J.J. Abrams Addresses Complaints About Star Wars: The Force Awakens’ Similarity To A New Hope


J.J. Abrams, director of Star Wars: The Force Awakens, has addressed people’s complaints about the film feeling far too similar to A New Hope.

Prior to the release of The Force Awakens in 2015, many fans were hopeful that it would reinvigorate the franchise and take it in new and exciting directions, and when the film came out, the narrative and thematic similarities between it and the ever-sprawling saga’s original installment were clear and undeniable. Much of the audience was perfectly happy with this, as it allowed them to relive what the movie made them feel when they saw it as children. Others, however, were not as forgiving, seeing the repeated story beats as evidence of a lack of imagination and the entire endeavor as an exercise in nostalgia bait, George Lucas among them.

Abrams is perfectly aware of people’s issues with the film though, and addressed them during an interview with Rolling Stone, saying:

“I completely get the criticism, and for those who found it too much of an overlap, I say, ‘I totally hear you and respect the review.’ But the idea was to continue the story and to begin with this young woman who felt like Luke Skywalker was a myth, and to tell a story that was not just history repeating itself, but a story that embraced the movies that we know as the actual history of this galaxy. So that they are still living in a place where there is good versus evil, they’re still living in the shadow of what has come before, still grappling with the sins of the father and the people who have preceded them. This was not about a nostalgia play. It felt, to me, like a way of saying, ‘Let’s go back to a Star Wars that we know, so we can tell another story’.”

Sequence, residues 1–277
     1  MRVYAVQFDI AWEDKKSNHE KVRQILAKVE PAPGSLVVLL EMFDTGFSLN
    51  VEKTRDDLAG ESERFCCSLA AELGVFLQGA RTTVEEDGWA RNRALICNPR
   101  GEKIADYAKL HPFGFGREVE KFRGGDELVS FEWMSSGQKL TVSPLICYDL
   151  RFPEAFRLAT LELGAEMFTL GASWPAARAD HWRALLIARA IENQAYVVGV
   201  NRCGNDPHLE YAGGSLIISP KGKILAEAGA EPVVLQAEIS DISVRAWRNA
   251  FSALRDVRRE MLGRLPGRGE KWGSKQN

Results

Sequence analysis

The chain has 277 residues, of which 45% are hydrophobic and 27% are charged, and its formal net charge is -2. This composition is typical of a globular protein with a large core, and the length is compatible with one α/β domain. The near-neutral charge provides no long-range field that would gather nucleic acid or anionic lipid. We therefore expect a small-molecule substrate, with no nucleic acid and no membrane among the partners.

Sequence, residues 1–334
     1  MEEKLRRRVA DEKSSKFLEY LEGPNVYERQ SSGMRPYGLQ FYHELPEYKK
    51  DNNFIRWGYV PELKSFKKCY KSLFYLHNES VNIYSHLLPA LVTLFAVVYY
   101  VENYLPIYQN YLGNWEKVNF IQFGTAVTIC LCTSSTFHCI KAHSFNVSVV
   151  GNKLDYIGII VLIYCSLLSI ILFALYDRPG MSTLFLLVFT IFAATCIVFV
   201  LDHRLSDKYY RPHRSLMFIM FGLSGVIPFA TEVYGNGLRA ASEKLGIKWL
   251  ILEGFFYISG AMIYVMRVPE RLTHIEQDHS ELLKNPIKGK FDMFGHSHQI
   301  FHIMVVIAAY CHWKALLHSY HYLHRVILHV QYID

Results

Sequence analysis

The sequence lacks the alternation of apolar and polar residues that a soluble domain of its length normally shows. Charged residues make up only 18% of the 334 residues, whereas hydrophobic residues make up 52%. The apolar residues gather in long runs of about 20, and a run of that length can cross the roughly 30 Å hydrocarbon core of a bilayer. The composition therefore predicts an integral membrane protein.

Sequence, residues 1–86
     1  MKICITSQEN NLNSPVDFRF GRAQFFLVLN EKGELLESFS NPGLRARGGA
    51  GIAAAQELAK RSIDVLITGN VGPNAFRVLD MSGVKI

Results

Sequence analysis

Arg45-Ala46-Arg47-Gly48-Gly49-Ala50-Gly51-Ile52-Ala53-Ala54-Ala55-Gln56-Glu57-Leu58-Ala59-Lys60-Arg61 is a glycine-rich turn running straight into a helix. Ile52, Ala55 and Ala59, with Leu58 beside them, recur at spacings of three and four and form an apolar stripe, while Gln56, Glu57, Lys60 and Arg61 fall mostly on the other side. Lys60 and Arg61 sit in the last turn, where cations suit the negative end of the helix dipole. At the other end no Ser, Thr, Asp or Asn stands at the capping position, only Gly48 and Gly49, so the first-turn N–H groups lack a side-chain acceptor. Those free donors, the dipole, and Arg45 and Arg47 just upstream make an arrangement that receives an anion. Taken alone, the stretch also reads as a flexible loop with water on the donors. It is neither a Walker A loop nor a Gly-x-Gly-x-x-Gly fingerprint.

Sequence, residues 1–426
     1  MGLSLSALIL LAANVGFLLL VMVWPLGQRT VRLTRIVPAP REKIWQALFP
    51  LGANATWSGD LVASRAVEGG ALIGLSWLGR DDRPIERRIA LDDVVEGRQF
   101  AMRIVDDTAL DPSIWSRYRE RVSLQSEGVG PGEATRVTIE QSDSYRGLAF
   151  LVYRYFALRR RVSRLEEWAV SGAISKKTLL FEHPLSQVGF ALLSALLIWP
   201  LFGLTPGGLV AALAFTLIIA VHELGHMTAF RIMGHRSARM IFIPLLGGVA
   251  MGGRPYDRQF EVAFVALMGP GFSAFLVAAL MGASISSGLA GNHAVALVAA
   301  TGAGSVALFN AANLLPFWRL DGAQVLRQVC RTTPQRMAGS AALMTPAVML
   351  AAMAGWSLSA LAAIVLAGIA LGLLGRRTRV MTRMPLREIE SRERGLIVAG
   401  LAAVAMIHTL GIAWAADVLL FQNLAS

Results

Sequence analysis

Abrams also addressed people’s issues that the movie wasn’t about the characters of the Original Trilogy as they had hoped. He responded by stating he “felt like the way to use them was to be in support of a new story,” since “the main characters in this trilogy felt naturally connected to those characters that came before.” He also stated that “even those who are the most cynical or the most negative are still people who, for the most part, embrace what’s being done, even just as fodder for debate.”

While Abrams’ words are all very well and true, it wouldn’t have been too difficult to create a world in which the events of three decades previously have swiftly passed into legend, but also where the story in which they feature doesn’t feel like a recycling of them, as the two are in no way mutually exclusive.

Also, such is the proliferation of Star Wars in popular culture, it certainly doesn’t take an entire movie of intentional back treading before moving forwards is possible. There’s a lot of discourse surrounding Star Wars: The Force Awakens’ similarity to A New Hope, but the primary point is that it’s one of those complicated situations in which one person’s reasons for disliking something are exactly the same as why another enjoyed it, making it all a matter of personal preference.